There are many weird and quirky things that I did when I was a kid, but one of the things that I remember the most was an accidental mixing up of my socks and the peanut butter my mom keeps in her fridge.

I was taking off my socks as I walked to the fridge to get peanut butter to make a PB&J for an after-kindergarten snack. For some still unknown reason I took the peanut butter jar out, put my dirty socks into the fridge and then threw the peanut butter into the laundry basket. Don’t even try to imagine how my mom felt when she saw the fridge and the laundry.

So what happened? After many, many years of contemplation over that subject matter, I came to the conclusion that I was actually having one of those epiphanies that only strike young children the moment the door of the fridge opened – it must be the cold air that was blowing me out of the confusion of reality – and that I was in fact staring at the answer to the universe. Everything is connected, even random objects like peanut butter and socks.

You think I’m crazy, I know, but if you think about it, there really are a lot of things peanut butter and socks have in common. Perceptively speaking, they both have a unique aroma – especially if your feet sweat a lot – that nothing else in the world can substitute.

Both of their colors vary depending on the brand. Texture- wise, although people use different parts of their bodies to feel peanut butter and socks, they both feel smooth. Don’t your feet feel so comfortable when you slide on your socks? Depending on your hygienic habits, they could both be greasy, too.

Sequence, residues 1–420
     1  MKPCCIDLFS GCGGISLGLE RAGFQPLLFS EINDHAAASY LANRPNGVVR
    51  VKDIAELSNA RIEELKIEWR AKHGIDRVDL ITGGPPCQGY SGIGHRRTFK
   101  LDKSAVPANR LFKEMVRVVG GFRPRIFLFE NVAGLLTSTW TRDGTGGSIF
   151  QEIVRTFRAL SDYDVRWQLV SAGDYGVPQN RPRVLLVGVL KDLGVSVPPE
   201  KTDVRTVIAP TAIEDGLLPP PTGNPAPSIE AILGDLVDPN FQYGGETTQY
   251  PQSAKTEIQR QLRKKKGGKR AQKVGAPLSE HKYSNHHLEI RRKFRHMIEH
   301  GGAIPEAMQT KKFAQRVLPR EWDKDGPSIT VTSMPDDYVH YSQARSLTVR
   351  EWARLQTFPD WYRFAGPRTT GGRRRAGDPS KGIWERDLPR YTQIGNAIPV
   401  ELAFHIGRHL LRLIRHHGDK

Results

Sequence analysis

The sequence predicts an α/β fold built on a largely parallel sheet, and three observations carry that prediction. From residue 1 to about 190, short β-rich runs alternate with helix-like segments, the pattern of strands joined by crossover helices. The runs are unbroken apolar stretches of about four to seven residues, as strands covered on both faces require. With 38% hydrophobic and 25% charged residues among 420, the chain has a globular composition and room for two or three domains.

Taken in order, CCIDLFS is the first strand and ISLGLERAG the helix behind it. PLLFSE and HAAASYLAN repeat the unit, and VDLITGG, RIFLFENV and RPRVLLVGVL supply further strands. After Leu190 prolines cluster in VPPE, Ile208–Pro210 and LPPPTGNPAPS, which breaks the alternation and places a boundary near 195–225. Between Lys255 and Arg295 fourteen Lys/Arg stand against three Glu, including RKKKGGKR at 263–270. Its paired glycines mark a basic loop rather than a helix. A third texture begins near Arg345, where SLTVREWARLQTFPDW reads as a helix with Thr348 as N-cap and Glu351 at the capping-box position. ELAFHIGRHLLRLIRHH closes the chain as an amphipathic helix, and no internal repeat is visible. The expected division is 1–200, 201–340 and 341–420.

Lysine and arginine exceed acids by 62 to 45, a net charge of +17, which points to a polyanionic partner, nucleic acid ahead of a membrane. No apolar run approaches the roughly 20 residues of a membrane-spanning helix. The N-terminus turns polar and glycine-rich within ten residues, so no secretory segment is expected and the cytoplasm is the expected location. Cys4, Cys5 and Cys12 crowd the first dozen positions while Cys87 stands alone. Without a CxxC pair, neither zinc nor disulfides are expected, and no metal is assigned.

Going beyond how our senses think of peanut butter and socks, you can see both of them in most supermarkets, watch their commercials on almost every channel, and all the kindergarten teachers teach kids about socks and peanut butter.

“Okay now, kids, put your socks on your feet, and put peanut butter on your bread.”

Except for sensory and practical aspects of them, both peanut butter and socks have very profound philosophical meanings. Socks are the last step of a human’s covering himself up, which symbolizes the final steps of the development of our civilization.

I mean, if you don’t have clothes yet, you wouldn’t think about dressing your feet, would you?

Same with peanut butter. Peanut butter is really more of a luxury food, something that you only think about when your basic nutritional needs are met. Unless you have enough bread to keep you from hunger, you won’t want to make your bread yummy by putting peanut butter on it. Therefore, peanut butter and socks have similar symbolic meanings regarding the developmental stages of human civilizations.

And if you still think I’m crazy – yeah, you probably do – for making such a connection between peanut butter and socks, this last piece of evidence is undeniable. Both socks and peanut butter are avoided by girls who care about their appearances.

And both peanut butter and socks cause pimples. Yes, socks do cause pimples, if you use them as towels.

Just one more thing before this ends – my mom never cooked my dirty socks for dinner, if that’s what you’re wondering.

Wang can be reached at ewang@campustimes.org.



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